Students and free speech defenders hit the streets of Madrid last week to protest two controversial new laws — one targeting students and the other dissent.
Spain’s “3+2” law, which shortens undergraduate degrees from four to three years and extends masters degrees from one to two years, was passed by the Spanish government in January — angering much of Spain’s students. In response, students and professors in Spain began a three-day strike on March 24 accompanied with protests attended by 85 percent of the Spanish education sector, according to the unions that organized the protests. The actions included blockades of highways and campus entrances in Madrid.
Back in January, Spain’s education minister, Jose Ignacio Wert, claimed that the law would cut costs and put Spain’s education system in line with the rest of Europe. “The four year undergraduate degree and one-year master’s system in Spain is very rare,” he told the Olive Press. “Moving the degree program inline with our European neighbors will save families all over the country a great deal of money.”
A recent study by Save The Children also showed that, between 2006 and 2013, the Spanish government’s investment in education dropped by about 10 percent, while household spending on education went up by about 30 percent. In light of this, many students and professors claim that the new law will only make higher education more expensive and decrease the value of an undergraduate degree.
While students marched through the streets on March 26, the Spanish parliament, largely controlled by the ruling conservative Popular Party, was busy passing the controversial Citizens’ Security Law, known as “la ley mordaza” or the “gag law,” which would make that very protest illegal and punishable by fine.
Under the “gag law,” which goes into effect on July 1, people can be given large fines for various protest activities without ever seeing a judge. Unauthorized demonstrations near nuclear plants, transport hubs, and other important infrastructure could land protesters fines of up to $650,000. Unauthorized demonstrations near government buildings, taking pictures of police officers during protests, failing to show ID to a police officer, and blocking government officials from enforcing administrative or judicial orders could also result in fines upwards of $30,000. Other provisions impose fines for “disrespecting” police officers and expanding the range of crimes defined as “terrorism.”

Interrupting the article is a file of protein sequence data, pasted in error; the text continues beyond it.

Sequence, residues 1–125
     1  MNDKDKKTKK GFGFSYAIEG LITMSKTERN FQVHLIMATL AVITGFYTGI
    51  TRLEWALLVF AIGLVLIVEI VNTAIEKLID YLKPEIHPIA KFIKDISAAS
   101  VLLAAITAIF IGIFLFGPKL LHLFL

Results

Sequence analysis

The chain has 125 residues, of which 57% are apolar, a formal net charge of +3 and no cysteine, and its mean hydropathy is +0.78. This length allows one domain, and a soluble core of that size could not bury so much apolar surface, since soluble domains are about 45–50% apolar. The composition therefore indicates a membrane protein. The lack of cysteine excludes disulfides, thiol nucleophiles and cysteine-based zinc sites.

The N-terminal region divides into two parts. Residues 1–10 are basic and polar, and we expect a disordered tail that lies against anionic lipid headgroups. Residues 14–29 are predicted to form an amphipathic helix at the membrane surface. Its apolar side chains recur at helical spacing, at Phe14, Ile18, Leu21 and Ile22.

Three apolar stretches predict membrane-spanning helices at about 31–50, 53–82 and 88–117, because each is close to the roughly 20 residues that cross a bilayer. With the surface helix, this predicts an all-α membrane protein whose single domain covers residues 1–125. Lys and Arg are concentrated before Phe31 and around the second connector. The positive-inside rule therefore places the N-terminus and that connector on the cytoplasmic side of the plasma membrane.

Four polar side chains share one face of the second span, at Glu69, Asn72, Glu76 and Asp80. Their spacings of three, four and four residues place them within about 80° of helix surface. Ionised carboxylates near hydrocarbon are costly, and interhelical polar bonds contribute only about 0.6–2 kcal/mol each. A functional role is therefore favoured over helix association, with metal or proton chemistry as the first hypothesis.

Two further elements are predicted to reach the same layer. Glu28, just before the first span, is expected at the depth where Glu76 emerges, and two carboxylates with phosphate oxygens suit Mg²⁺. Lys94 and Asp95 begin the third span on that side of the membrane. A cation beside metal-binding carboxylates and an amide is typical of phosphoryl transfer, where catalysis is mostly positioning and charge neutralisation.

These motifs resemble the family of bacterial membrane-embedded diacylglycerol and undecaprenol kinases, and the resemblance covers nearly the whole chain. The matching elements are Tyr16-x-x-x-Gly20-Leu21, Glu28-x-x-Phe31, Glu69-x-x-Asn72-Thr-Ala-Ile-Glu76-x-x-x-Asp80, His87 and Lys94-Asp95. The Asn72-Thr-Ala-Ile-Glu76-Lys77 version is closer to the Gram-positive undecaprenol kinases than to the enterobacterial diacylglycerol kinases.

Luis Aznar, one of the Popular Party politicians behind the law, told AFP that “there are uncontrolled and anti-system groups that take advantage” of the old system and that the new law would help crackdown on protesters prone to violence. Prime Minister Mariano Rajoy, also from the Popular Party, has defended the legislation as well.
In contrast, a poll conducted by Metroscopia in December found that over 80 percent of Spaniards were in favor of either softening the law or getting rid of it altogether. Opposition leaders and human rights organizations have also criticized the law. “The entire spirit of the law is repressive,” Ignacio Sanchez Amor, a Socialist Party member, told AFP. “This is a vision of the critical citizen as a dangerous citizen, who causes trouble.”
Amnesty International condemned it as an “assault that targets rights and freedoms of Spanish citizens, migrants and refugees,” while Human Rights Watch told AFP that the laws “unjustifiably curtail basic human rights protections.”
“I am deeply concerned that this will have a chilling, stifling effect on demonstrations, especially spontaneous ones,” Amnesty International’s deputy director for Europe, Gauri van Gulik, told Newsweek. “In one fell swoop, Spain is stifling freedom of expression and freedom of assembly.”
Despite this climate of political repression, Spaniards have continued hitting the streets and have also protested against the anti-protest law. On Thursday, members of Greenpeace stood outside the Spanish parliament in Madrid with gags over their mouths and T-shirts denouncing the law.
On Friday, dozens of people from various activist groups, human rights organizations and NGOs, using the hashtag #RespondemosALaMordaza, which means “We Respond To The Gag,” occupied the parliament building with signs, T-shirts, and blue gags over their mouths.
The highlight of the protest, organized by the group No Somos Delito, or We Are Not Crime, was an outburst of song by activists inside the lower house of the Spanish parliament. Accompanied by instruments and clapping onlookers, they sang “cuando el pueblo alza su voz, nadie lo puede detener,” meaning “when the people raise their voice, no one can stop it!”